In recent years, we’ve all become more familiar with the idea of invasive species.
Plants and animals as varied as giant hogweed, the mink and oak processionary moths regularly make headlines because of the health, environmental and economic problems they cause. Invasive deer contribute to more than 74,000 traffic accidents in the UK every year, while Japanese knotweed added £70m to the bill for staging the London Olympics, and could soon stop you getting a mortgage on your house.
These invasive species destroy crops and forestry, dump silt into rivers, sabotage drains and electrical infrastructure, cut off access to beautiful places, and drive native rare and iconic species to extinction.
And they cost us all a lot of money – at least £1.8bn to the UK economy each year.
How can you help stop this expensive, dangerous (and ultimately boring) slide towards global blandification?
Read this book and then roll up your sleeves!
• Over 40 different species featured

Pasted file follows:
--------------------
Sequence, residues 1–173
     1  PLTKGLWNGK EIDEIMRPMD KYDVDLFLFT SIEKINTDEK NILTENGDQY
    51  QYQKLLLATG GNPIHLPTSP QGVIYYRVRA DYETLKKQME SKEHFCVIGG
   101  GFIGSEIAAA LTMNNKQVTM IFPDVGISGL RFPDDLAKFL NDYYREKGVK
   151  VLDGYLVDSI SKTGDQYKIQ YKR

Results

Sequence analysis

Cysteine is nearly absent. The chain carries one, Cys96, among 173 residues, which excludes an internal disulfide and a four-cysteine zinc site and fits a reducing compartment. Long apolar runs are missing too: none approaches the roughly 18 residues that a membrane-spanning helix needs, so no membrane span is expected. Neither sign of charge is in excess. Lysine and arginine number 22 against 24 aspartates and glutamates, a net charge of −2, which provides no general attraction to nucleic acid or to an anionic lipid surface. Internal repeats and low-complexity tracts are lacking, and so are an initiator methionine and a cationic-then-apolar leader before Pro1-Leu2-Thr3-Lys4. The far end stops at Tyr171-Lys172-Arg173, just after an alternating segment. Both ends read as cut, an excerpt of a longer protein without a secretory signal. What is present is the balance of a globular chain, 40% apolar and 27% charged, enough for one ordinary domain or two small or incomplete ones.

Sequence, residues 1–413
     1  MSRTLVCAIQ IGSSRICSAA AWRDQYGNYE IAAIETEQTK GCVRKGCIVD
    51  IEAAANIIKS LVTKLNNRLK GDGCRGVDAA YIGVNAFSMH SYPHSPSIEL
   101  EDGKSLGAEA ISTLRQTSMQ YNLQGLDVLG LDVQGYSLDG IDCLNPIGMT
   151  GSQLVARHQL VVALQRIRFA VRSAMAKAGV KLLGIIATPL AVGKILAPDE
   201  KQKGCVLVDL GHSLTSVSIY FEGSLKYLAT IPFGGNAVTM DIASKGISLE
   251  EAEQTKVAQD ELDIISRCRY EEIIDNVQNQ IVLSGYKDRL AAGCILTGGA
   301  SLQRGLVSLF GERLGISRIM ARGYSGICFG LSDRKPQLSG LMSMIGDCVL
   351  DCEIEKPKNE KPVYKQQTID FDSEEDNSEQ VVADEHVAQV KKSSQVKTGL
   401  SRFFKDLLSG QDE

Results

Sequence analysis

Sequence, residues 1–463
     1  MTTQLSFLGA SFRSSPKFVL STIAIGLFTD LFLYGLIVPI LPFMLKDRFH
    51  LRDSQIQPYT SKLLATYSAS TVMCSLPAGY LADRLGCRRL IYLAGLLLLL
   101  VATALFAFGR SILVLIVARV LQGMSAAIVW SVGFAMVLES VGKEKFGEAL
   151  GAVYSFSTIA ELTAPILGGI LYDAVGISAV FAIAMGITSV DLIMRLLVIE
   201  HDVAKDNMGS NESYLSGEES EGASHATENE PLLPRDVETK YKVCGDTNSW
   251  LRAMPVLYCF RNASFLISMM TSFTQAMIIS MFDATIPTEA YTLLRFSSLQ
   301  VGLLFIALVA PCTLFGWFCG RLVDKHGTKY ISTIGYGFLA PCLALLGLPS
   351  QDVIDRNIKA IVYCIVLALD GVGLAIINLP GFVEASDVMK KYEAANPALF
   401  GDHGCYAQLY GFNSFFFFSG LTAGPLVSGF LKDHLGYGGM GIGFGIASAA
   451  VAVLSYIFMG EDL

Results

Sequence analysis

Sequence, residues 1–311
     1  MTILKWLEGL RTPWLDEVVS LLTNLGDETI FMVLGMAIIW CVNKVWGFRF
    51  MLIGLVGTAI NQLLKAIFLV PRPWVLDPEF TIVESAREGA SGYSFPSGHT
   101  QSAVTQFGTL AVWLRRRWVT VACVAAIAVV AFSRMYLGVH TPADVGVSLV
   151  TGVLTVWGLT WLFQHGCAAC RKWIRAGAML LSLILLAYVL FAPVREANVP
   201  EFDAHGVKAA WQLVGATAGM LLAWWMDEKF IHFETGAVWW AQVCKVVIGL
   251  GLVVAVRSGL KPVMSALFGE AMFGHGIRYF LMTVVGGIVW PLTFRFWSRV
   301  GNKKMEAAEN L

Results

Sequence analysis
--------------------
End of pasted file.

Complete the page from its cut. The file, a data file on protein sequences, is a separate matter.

• List of actions you can take
• Useful contact list for those getting involved
Author: Theo Pike
ISBN: 978 1 906122 62 1
Published: May 2014
Format: 150 x 115mm
No. of pages: 96
169 colour photographs
Reviewed by Jeffrey Prest of Trout Fisherman in July 2014
'First rule of war - know thy enemy… Like some kind of bathroom cleaner. Theo Pike is getting a reputation for getting into those corners of fishing that other writers won't reach. First he departs from the sweet meadows and pure streams of angling cliche to bring us Trout in Dirty Places, a celebration of those urban rivers that now hold fish where they once held only toxins. Now his latest book looks at nature's dark side and the world of uninvited interlopers… It shouldn't be anything like as interesting as it is, especially not with a reviewer whose fascination for botany and insects stops at tobacco leaves and Spiderman. Pike and his publishing team however, have an eye for pace and colour, both in the content of his books and the way they are laid out. Trout in Dirty Places bounced along and so does Balsam Bashing, when it could have easily been a dry read that looked like it came straight from the hands of a Defra committee.
Reviewed in The Angler (Angling Trust maga in November 2014
'With practical advice on what to look for and how to fight back....this book is helping lead the counter-attack. Get one!'